WASHINGTON – As Senate and House leaders Monday called for legislation to overturn the Trump administration’s ban on travel to the U.S. by people from certain Muslim countries, Shahrouz Hafez was thinking about how the ban has changed his future from a job in America to a home in Canada.

“Because of the situation here, I resigned from my (internship) position at the World Bank,” the Iranian-born student said. “I can’t contribute to the economy here and receive benefits because of what the government is doing to innocent people. These are personal consequences for us, but we have to do something, however small.”

Hafez, who goes to law school in Toronto, was among several hundred demonstrators and congressional Democrats condemning President Donald Trump’s executive order on immigration Monday night outside the Supreme Court.

“It’s not just a religious ban,” Hafez said. “It’s an ethnic ban. They’re banning people based on race.”

Senate and House leaders promised legislation to overturn Trump’s order, which suspended entry into the United States by refugees for 120 days and by citizens from seven Muslim-majority countries (Iraq, Iraq, Libya, Somalia, Sudan, Syria and Yemen) for 90 days. The ban includes green card holders, and Syrian refugees are barred indefinitely.

Senate Democratic Leader Chuck Schumer and Sen. Bernie Sanders, the former Democratic presidential contender, said at the press conference the ban will make Americans less safe.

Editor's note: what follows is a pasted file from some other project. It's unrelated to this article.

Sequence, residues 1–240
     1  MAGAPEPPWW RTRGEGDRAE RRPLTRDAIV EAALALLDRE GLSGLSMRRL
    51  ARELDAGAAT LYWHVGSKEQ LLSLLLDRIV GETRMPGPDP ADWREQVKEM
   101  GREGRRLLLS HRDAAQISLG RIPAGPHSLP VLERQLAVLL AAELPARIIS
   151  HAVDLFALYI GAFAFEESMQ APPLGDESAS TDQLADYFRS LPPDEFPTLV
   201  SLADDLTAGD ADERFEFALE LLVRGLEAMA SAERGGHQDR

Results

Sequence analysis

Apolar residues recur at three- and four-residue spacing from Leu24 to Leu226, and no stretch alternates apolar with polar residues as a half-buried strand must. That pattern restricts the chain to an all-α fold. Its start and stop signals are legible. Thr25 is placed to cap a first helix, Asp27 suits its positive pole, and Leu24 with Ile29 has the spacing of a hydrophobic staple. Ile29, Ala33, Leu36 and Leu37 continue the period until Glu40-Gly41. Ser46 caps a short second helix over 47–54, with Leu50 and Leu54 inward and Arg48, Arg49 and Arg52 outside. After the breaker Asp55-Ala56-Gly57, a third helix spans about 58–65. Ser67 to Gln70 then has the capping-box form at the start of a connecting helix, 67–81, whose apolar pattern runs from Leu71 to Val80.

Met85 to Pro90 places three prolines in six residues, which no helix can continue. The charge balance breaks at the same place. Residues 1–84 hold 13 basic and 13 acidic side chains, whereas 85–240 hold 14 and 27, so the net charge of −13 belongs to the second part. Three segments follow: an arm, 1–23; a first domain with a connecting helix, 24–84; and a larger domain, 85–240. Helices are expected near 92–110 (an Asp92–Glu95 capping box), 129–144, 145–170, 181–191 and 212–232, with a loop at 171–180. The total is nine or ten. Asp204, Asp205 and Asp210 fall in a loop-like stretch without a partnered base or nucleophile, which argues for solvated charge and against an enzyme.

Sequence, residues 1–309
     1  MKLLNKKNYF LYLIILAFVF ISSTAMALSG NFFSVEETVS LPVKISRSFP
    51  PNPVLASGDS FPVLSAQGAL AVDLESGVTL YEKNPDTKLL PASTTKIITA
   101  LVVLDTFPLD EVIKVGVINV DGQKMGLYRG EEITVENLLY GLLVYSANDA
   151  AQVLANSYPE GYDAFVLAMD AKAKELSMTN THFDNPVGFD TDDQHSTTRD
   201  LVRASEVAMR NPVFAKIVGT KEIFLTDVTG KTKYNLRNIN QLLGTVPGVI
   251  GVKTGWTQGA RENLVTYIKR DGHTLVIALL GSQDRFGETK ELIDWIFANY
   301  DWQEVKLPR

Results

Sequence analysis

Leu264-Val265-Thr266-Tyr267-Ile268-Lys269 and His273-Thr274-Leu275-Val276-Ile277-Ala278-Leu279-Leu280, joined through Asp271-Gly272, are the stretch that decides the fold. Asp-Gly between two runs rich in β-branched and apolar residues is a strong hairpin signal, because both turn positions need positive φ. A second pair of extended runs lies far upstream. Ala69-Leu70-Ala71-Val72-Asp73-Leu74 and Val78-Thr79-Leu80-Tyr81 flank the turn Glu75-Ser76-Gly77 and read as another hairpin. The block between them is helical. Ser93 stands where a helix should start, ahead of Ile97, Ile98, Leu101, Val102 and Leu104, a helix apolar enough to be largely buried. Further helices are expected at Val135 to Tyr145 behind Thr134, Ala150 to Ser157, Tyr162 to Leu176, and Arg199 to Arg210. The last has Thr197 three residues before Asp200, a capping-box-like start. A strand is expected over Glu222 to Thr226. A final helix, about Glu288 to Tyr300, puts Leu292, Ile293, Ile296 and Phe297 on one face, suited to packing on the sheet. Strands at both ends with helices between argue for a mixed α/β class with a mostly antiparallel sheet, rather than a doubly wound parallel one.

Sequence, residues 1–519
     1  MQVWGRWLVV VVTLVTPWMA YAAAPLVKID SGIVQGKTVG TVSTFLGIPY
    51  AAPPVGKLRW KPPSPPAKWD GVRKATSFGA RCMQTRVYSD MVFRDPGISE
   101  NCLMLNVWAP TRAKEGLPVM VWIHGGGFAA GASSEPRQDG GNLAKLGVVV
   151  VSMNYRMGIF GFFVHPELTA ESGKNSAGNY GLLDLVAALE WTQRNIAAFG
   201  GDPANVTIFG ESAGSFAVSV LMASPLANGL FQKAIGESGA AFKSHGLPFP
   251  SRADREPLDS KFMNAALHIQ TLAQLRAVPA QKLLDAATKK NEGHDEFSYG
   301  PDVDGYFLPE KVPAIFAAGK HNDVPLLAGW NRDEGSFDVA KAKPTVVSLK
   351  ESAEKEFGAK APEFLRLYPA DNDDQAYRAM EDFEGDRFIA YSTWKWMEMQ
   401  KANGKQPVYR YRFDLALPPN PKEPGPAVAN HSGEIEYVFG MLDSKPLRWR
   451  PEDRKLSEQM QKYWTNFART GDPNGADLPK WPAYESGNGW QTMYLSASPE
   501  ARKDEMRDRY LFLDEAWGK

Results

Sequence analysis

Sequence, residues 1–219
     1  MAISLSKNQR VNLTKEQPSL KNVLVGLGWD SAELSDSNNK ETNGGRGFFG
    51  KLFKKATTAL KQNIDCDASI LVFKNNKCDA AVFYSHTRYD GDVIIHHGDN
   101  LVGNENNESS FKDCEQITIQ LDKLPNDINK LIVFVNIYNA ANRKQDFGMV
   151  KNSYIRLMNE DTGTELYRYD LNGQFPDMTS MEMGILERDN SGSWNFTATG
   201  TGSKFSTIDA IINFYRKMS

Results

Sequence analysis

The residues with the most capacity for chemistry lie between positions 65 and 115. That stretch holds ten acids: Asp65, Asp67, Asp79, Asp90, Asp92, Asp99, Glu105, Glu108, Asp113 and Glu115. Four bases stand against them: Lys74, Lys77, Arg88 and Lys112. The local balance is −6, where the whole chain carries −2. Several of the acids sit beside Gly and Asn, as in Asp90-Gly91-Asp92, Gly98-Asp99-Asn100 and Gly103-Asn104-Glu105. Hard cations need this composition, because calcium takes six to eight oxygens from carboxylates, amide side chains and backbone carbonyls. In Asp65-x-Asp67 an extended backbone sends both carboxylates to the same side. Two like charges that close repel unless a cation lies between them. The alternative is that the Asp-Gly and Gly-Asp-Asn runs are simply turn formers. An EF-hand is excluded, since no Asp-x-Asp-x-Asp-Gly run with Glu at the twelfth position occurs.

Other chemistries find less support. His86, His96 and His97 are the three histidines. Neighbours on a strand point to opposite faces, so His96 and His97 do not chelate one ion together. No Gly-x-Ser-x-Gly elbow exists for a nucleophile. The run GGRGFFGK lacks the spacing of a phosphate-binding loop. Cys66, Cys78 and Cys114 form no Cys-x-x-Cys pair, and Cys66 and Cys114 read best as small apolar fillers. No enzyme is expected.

“It will encourage those who are lone wolves as they get more and more isolated, which is our greatest danger,” Schumer said.

“What Trump has done is give ammunition to the jihadists all over the world,” Sanders said.

The Trump administration and many congressional Republicans have said the order was issued to ensure necessary background checks for national security and public safety purposes.

The resettlement process in the United States takes between 18 and 24 months and involved eight federal agencies, according to the UN refugee agency. Refugees cannot apply for resettlement, nor can they pick their host country.

Since the Refugee Act of 1980, in which rigorous refugee-screening procedures were established, no refugees have been involved in a major deadly terrorist attack in the United States, according to a Cato Institute analysis.

Rep. Jeff Duncan, R-S.C. issued a statement saying the executive order was not a “Muslim ban” and pointed out that Indonesia, which has the largest Muslim population, was not on the list.

“There are 46 other countries with Muslim populations that are not part of this and I think that’s an important thing to note,” White House press secretary Sean Spicer said Sunday on ABC’s This Week.

But the congressional Democrats at the Supreme Court protest denounced the order as an attack on religious freedom.

“America for its history has been a shining beacon and it has said, we welcome you if you are oppressed because of your religion, because of your political beliefs, because of who you are,” Schumer said. “We will not let this evil order make us less American. We will fight it with everything we have and we will win this fight.”

Sen. Elizabeth Warren, D-Mass., tweeted that the order is Trump’s “illegal and unconstitutional ban.”

Jared Mitchell, who said he moved to Washington a month ago in reaction to the arrival of the Trump administration, said that “[Muslim] people have been treated as criminals for being who they are. I identify with that as a black man.”

Published in conjunction with US News Logo